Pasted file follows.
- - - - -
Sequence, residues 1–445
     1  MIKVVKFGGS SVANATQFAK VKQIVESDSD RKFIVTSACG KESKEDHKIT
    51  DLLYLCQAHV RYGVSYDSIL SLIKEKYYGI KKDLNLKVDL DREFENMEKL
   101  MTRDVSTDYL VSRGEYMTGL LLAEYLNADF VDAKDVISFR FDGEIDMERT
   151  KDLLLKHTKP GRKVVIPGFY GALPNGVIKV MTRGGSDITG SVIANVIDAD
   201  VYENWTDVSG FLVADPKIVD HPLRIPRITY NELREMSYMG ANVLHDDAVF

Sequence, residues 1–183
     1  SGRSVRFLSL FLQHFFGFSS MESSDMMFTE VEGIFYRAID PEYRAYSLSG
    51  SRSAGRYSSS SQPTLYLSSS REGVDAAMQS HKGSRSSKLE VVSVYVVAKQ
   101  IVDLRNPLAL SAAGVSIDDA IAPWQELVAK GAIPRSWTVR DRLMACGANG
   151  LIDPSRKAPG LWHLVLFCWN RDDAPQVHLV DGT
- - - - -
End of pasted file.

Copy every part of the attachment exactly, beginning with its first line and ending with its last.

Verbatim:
Sequence, residues 1–445
     1  MIKVVKFGGS SVANATQFAK VKQIVESDSD RKFIVTSACG KESKEDHKIT
    51  DLLYLCQAHV RYGVSYDSIL SLIKEKYYGI KKDLNLKVDL DREFENMEKL
   101  MTRDVSTDYL VSRGEYMTGL LLAEYLNADF VDAKDVISFR FDGEIDMERT
   151  KDLLLKHTKP GRKVVIPGFY GALPNGVIKV MTRGGSDITG SVIANVIDAD
   201  VYENWTDVSG FLVADPKIVD HPLRIPRITY NELREMSYMG ANVLHDDAVF

Sequence, residues 1–183
     1  SGRSVRFLSL FLQHFFGFSS MESSDMMFTE VEGIFYRAID PEYRAYSLSG
    51  SRSAGRYSSS SQPTLYLSSS REGVDAAMQS HKGSRSSKLE VVSVYVVAKQ
   101  IVDLRNPLAL SAAGVSIDDA IAPWQELVAK GAIPRSWTVR DRLMACGANG
   151  LIDPSRKAPG LWHLVLFCWN RDDAPQVHLV DGT